Thematic Divisions in Book 12
1. Exhumations of Bucer and Phagius along with Peter Martyr's Wife2. Pole's Visitation Articles for Kent3. Ten Martyrs Burnt at Canterbury4. The 'Bloody Commission'5. Twenty-two Prisoners from Colchester6. Five Burnt at Smithfield7. Stephen Gratwick and others8. Edmund Allen and other martyrs9. Alice Benden and other martyrs10. Examinations of Matthew Plaise11. Richard Woodman and nine other martyrs12. Ambrose13. Richard Lush14. Edmund Allen15. The Martyrdom of Simon Miller and Elizabeth Cooper16. Rose Allin and nine other Colchester Martyrs17. John Thurston18. George Eagles19. Richard Crashfield20. Fryer and George Eagles' sister21. Joyce Lewes22. Rafe Allerton and others23. Agnes Bongeor and Margaret Thurston24. John Kurde25. John Noyes26. Cicelye Ormes27. Persecution at Lichfield28. Persecution at Chichester29. Thomas Spurdance30. Hallingdale, Sparrow and Gibson31. John Rough and Margaret Mearing32. Cuthbert Simson33. William Nicholl34. Seaman, Carman and Hudson35. Three at Colchester36. A Royal Proclamation37. Roger Holland and other Islington martyrs38. Stephen Cotton and other martyrs39. Scourging of Thomas Hinshaw40. Scourging of John Milles41. Richard Yeoman42. John Alcocke43. Thomas Benbridge44. Four at St Edmondsbury45. Alexander Gouch and Alice Driver46. Three at Bury47. A Poor Woman of Exeter48. Priest's Wife of Exeter49. The Final Five Martyrs50. John Hunt and Richard White51. John Fetty52. Nicholas Burton53. John Fronton54. Another Martyrdom in Spain55. Baker and Burgate56. Burges and Hoker57. The Scourged: Introduction58. Richard Wilmot and Thomas Fairfax59. Thomas Greene60. Bartlett Greene and Cotton61. Steven Cotton's Letter62. James Harris63. Robert Williams64. Bonner's Beating of Boys65. A Beggar of Salisbury66. Providences: Introduction67. The Miraculously Preserved68. William Living69. Edward Grew70. William Browne71. Elizabeth Young72. Elizabeth Lawson73. Christenmas and Wattes74. John Glover75. Dabney76. Alexander Wimshurst77. Bosom's wife78. Lady Knevet79. Mistress Roberts80. Anne Lacy81. Crosman's wife82. Congregation at Stoke in Suffolk83. Congregation of London84. Edward Benet85. Jeffrey Hurst86. William Wood87. Simon Grinaeus88. The Duchess of Suffolk89. Thomas Horton 90. Thomas Sprat91. John Cornet92. Thomas Bryce93. Gertrude Crockhey94. William Mauldon95. Robert Horneby96. Mistress Sandes97. John Kempe98. Thomas Rose99. Complaint against the Ipswich Gospellers100. Tome 6 Life and Preservation of the Lady Elizabeth101. The Unprosperous Queen Mary102. Punishments of Persecutors103. Foreign Examples104. A Letter to Henry II of France105. The Death of Henry II and others106. Justice Nine-Holes107. John Whiteman108. Admonition to the Reader109. Hales' Oration110. Cautions to the Reader111. Snel112. Laremouth113. William Hunter's Letter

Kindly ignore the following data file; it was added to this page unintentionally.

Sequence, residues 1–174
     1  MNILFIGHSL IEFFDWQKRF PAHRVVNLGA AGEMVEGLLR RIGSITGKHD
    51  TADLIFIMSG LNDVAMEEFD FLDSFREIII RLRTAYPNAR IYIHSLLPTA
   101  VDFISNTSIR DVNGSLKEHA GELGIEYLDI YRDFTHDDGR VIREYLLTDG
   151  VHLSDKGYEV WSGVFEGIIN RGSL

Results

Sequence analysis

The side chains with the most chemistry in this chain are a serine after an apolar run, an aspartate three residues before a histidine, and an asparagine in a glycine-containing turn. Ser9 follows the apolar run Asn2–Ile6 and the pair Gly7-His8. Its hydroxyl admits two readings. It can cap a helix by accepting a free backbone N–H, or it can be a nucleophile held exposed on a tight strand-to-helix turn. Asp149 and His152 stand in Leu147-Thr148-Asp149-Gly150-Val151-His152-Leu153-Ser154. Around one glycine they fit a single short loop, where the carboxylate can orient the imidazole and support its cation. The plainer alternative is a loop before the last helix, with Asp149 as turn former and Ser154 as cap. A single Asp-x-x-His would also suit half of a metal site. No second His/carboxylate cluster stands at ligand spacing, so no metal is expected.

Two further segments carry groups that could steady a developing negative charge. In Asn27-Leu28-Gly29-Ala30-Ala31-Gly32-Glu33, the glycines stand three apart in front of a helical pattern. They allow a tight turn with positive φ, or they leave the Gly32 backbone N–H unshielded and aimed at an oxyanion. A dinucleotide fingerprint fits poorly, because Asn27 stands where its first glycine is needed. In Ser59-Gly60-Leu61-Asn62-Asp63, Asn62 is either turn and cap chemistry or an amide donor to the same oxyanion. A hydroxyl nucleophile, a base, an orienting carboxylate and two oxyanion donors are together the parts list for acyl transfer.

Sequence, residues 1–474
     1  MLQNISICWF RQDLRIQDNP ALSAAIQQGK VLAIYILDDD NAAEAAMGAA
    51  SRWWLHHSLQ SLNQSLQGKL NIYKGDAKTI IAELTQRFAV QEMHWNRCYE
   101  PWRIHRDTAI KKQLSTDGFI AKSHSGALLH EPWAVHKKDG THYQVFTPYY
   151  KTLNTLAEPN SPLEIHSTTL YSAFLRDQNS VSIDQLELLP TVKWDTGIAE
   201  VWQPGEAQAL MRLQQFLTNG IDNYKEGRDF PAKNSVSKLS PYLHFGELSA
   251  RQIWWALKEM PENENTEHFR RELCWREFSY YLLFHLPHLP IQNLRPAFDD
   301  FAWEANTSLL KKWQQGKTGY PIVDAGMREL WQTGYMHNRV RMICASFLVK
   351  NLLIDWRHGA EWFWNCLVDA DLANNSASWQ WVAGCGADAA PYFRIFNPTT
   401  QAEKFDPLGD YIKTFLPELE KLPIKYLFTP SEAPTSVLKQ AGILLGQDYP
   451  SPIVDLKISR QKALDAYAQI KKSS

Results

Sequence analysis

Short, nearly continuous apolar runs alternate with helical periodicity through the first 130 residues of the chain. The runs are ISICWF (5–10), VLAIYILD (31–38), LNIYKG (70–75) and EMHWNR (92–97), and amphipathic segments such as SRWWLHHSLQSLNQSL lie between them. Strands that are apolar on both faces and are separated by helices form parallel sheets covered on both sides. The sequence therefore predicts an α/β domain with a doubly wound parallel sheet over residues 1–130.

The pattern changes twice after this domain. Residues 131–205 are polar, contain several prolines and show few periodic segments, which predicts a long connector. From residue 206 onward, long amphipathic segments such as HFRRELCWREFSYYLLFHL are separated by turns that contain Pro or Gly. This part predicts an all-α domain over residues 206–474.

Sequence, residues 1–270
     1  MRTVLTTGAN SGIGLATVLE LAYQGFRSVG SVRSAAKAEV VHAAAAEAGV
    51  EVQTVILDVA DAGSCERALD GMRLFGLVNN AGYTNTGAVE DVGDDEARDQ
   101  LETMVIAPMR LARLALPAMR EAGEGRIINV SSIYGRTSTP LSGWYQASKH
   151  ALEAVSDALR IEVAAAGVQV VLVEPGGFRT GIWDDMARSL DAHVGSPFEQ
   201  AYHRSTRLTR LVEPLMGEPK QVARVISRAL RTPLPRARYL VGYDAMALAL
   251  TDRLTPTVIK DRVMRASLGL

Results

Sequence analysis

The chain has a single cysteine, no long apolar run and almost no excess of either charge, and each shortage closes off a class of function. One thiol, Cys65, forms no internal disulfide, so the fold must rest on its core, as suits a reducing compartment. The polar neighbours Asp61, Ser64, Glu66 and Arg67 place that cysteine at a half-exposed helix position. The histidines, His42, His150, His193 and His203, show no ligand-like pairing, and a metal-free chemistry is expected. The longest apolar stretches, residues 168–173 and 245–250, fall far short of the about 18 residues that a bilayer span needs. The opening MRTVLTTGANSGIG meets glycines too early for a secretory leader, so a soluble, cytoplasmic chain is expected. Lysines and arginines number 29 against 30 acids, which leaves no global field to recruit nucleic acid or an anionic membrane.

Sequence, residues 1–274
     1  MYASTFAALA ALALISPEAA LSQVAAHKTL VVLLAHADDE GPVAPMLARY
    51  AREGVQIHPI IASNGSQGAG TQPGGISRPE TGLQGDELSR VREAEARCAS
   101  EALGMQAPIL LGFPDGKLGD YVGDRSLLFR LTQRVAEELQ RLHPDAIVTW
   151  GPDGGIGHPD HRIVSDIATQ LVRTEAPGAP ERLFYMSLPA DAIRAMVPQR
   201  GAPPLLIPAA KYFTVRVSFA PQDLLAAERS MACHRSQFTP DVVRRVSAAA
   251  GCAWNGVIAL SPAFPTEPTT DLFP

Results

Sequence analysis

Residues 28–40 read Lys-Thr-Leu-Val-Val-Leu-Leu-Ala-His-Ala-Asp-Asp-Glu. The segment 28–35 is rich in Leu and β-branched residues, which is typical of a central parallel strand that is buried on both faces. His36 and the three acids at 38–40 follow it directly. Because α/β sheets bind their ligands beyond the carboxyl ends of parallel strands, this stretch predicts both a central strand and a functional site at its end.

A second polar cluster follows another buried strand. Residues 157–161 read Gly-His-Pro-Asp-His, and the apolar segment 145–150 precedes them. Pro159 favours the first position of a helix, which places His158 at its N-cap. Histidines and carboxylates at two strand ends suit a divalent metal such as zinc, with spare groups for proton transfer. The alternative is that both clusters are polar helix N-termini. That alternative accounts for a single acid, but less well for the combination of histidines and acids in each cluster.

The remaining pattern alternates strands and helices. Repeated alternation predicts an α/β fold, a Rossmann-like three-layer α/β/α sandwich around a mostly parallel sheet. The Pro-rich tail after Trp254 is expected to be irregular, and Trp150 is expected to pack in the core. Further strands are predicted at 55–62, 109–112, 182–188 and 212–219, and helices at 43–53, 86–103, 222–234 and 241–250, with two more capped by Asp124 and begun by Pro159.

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2029 [2002]

The lamentable story of Iohn Whitman Martyr.

haue grace, what it is to defile them selues with the bloud of Christes blessed Saintes and Martyrs.

¶ A note of Christopher Parker. 
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This anecdote was added in the 1576 edition.

CHristopher Parker, called Parker þe wyld, mentioned before in this booke of Monumentes, pag. 1877. who being a persecuter of Richard Woodman, dyd manacle his handes with a coard, dyd cast hym selfe into a pond, and so drowned hym selfe at Herstnonceux in Sussex, the eight day of September. 1575.

¶ The story of one Drayner of Kent, commonly called Iustice Nyne holes.

MarginaliaThe story of one Drayner otherwyse called Iustice nine holes.I May not in this place omyt the tragedie of one Drayner of Smarden in the Countie of Kent, Esquire, who bearyng grudge agaynst one Gregory Doddes, Parson of the sayd towne, for reprouyng his vicious lyfe, sent for hym by two men, which tooke him and brought him before him, where he was had into a Parlour, as it were to breakfast. MarginaliaA malitious practise to intrappe a good man.In which behynde the doore he had placed one Roger Mathew secretly, to beare witnes what he should say, no more being in sight but the sayd Drayner & one of his men, who wylled and perswaded hym to speake freely his mynd, for that there was not sufficient record of his wordes to hurt hym. But the Lord kept his talke without peryll, wherby the sayde Drayner sent hym to the next Iustice called M. George Dorrell, who perceiuyng it to be done more of malice then otherwise, deliuered him vpon sureties, to appeare at the next Sessions at Cant. and at length was banished the Countrey.